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									PREGNANCY SMOKING, ETS EXPOSURE, AND BIRTH OUTCOMES: RELATIVE RISK AND TIMING OF
EXPOSURE

Beth A. Bailey, PhD, Associate Professor of Family Medicine, East Tennessee State University, Johnson
City, TN



Background: Research has revealed associations between pregnancy smoking and adverse pregnancy,
birth, and long term child health and developmental outcomes. Less well studied and understood is the
potential role of environmental tobacco smoke (ETS). The goal of the current study was to examine links
between pregnancy smoking, ETS, and birth outcomes, the relative risk of each, and the possible role of
timing of exposure. Methods: 665 pregnant women from Southern Appalachia were recruited at entry
to prenatal care based on smoking and smoke exposure status. Interviews were conducted and medical
charts were reviewed. Results: Women who smoked throughout pregnancy had significantly worse birth
outcomes, including decreased birth weight and length, reduced gestational length, increased risk of
fetal loss, and increased rates of NICU admission, compared with those who quit smoking by 20 weeks.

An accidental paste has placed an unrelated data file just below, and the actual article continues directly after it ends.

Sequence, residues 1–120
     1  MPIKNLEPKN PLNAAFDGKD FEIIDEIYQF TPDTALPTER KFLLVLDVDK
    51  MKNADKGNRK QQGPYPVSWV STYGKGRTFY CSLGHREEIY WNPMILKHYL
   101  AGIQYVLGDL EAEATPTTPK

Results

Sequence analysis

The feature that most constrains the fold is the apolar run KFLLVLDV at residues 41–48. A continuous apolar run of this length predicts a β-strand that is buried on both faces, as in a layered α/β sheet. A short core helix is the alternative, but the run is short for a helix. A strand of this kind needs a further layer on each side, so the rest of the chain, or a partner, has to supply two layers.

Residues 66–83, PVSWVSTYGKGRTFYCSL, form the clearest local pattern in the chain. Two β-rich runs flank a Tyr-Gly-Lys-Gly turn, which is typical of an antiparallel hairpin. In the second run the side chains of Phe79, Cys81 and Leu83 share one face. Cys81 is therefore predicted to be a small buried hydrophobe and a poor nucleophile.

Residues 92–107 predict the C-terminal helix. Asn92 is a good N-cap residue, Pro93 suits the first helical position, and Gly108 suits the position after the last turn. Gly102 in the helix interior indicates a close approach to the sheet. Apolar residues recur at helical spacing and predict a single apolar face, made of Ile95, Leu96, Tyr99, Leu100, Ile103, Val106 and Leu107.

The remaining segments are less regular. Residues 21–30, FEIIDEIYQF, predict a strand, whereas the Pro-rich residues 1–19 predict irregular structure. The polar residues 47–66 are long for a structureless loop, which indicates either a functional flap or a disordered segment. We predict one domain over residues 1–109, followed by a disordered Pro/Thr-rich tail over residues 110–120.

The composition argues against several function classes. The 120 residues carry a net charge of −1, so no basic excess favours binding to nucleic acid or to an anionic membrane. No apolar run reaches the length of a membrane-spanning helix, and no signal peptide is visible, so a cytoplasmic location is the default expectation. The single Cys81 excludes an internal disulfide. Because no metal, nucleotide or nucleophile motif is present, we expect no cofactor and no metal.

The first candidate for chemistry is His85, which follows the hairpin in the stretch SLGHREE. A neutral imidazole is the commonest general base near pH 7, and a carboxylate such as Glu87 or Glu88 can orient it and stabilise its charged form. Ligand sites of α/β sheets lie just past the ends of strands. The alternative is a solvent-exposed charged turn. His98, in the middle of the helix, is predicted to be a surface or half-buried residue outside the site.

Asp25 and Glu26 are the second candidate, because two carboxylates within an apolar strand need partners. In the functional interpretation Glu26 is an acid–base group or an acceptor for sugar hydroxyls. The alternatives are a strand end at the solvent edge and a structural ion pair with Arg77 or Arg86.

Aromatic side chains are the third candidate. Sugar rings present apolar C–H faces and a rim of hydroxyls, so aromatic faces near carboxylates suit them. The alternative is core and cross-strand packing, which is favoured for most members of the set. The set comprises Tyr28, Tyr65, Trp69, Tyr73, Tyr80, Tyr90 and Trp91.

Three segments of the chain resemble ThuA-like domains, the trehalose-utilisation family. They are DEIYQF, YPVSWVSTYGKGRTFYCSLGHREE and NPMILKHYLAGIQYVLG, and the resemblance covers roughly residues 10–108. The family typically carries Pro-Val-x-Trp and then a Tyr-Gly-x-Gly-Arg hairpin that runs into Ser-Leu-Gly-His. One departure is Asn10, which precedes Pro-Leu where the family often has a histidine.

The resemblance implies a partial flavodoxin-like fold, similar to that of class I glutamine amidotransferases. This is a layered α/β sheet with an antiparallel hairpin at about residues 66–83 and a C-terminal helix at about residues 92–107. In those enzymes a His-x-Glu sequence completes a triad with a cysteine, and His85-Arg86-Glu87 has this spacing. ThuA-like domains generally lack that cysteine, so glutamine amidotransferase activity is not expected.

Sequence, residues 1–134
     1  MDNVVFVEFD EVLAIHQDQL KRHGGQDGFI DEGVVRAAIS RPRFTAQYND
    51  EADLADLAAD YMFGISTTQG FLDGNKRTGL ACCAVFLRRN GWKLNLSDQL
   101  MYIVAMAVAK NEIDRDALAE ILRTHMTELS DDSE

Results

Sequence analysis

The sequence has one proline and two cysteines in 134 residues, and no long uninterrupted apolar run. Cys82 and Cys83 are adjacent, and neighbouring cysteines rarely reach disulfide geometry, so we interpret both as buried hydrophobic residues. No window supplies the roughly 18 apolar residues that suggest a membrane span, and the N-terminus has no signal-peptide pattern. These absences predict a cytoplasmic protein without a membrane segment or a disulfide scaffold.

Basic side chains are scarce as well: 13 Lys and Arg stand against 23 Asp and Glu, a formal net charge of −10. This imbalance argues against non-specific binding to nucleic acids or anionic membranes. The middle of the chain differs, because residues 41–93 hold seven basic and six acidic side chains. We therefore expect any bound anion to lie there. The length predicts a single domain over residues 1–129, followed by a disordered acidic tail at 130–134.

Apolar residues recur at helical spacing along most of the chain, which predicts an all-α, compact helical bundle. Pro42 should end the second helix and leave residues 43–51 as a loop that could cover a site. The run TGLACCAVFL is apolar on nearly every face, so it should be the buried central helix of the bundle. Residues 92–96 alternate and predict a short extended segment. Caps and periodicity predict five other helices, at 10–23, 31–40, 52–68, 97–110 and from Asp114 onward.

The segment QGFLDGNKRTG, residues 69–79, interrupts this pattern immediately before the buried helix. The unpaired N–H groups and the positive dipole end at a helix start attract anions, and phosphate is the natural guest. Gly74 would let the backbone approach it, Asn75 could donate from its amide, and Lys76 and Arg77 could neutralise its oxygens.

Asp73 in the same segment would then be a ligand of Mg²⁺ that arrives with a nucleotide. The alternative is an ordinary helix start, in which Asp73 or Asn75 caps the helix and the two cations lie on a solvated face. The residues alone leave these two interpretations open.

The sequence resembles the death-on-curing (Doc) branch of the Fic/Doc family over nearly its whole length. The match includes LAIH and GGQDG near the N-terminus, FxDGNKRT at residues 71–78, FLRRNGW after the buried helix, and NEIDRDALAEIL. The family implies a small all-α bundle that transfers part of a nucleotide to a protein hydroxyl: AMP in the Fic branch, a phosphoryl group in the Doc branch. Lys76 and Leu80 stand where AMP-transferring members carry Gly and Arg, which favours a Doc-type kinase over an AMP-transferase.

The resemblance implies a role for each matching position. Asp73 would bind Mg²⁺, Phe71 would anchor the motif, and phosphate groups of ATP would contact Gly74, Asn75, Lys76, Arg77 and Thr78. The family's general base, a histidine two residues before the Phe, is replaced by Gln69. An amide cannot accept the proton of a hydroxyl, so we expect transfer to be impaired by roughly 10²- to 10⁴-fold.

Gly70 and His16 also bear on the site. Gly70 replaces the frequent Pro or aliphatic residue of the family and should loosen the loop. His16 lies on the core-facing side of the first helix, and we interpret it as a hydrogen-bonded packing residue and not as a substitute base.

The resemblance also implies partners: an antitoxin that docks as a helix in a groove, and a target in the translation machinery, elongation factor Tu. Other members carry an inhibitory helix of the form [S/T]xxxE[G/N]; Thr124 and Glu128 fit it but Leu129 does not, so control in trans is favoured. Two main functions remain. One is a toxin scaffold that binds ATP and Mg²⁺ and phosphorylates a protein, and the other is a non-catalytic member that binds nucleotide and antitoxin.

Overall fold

Smoking at least a half pack per day was associated with the highest risk. Women with significant ETS
exposure throughout pregnancy had birth outcomes comparable to, and in some cases worse than,
those of active smokers, and significantly worse than those who smoked early in pregnancy but quit by
20 weeks. Risk was moderately reduced for those who eliminated active ETS exposure by 20 weeks.
Effects remained after control for potential confounders. Conclusions: In this sample, pregnancy ETS
exposure was as detrimental as pregnancy smoking with respect to birth outcomes. In addition, the
effects of both smoking and ETS were minimized if eliminated by 20 weeks. Findings underscore the
need to address both active smoking and ETS during pregnancy, and the benefits of smoking cessation
and elimination of ETS even into the second trimester.




Presented at the Society for Research on Nicotine and Tobacco annual meeting, Baltimore, MD,
February 2010.

								
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